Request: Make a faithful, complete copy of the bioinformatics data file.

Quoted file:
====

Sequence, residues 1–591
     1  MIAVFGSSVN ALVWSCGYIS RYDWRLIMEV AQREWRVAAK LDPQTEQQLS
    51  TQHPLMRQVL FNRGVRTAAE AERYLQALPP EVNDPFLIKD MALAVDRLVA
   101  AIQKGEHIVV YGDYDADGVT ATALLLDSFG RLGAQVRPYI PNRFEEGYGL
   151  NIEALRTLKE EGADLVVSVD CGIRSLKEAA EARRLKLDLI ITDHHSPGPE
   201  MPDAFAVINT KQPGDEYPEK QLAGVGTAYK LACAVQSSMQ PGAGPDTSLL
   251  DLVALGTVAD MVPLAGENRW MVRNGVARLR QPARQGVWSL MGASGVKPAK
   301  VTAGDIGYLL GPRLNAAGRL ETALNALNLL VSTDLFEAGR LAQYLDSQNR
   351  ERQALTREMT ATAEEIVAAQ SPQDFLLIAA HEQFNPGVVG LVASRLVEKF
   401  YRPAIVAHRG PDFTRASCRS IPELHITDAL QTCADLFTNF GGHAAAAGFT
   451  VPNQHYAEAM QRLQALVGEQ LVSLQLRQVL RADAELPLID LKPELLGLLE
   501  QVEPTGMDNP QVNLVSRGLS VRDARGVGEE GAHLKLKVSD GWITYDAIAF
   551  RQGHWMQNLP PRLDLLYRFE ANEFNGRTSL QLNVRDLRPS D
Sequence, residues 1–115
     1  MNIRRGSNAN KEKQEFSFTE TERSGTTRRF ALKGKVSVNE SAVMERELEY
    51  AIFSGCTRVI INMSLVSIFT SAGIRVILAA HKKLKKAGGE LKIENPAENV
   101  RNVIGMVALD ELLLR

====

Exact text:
Sequence, residues 1–591
     1  MIAVFGSSVN ALVWSCGYIS RYDWRLIMEV AQREWRVAAK LDPQTEQQLS
    51  TQHPLMRQVL FNRGVRTAAE AERYLQALPP EVNDPFLIKD MALAVDRLVA
   101  AIQKGEHIVV YGDYDADGVT ATALLLDSFG RLGAQVRPYI PNRFEEGYGL
   151  NIEALRTLKE EGADLVVSVD CGIRSLKEAA EARRLKLDLI ITDHHSPGPE
   201  MPDAFAVINT KQPGDEYPEK QLAGVGTAYK LACAVQSSMQ PGAGPDTSLL
   251  DLVALGTVAD MVPLAGENRW MVRNGVARLR QPARQGVWSL MGASGVKPAK
   301  VTAGDIGYLL GPRLNAAGRL ETALNALNLL VSTDLFEAGR LAQYLDSQNR
   351  ERQALTREMT ATAEEIVAAQ SPQDFLLIAA HEQFNPGVVG LVASRLVEKF
   401  YRPAIVAHRG PDFTRASCRS IPELHITDAL QTCADLFTNF GGHAAAAGFT
   451  VPNQHYAEAM QRLQALVGEQ LVSLQLRQVL RADAELPLID LKPELLGLLE
   501  QVEPTGMDNP QVNLVSRGLS VRDARGVGEE GAHLKLKVSD GWITYDAIAF
   551  RQGHWMQNLP PRLDLLYRFE ANEFNGRTSL QLNVRDLRPS D
Sequence, residues 1–115
     1  MNIRRGSNAN KEKQEFSFTE TERSGTTRRF ALKGKVSVNE SAVMERELEY
    51  AIFSGCTRVI INMSLVSIFT SAGIRVILAA HKKLKKAGGE LKIENPAENV
   101  RNVIGMVALD ELLLR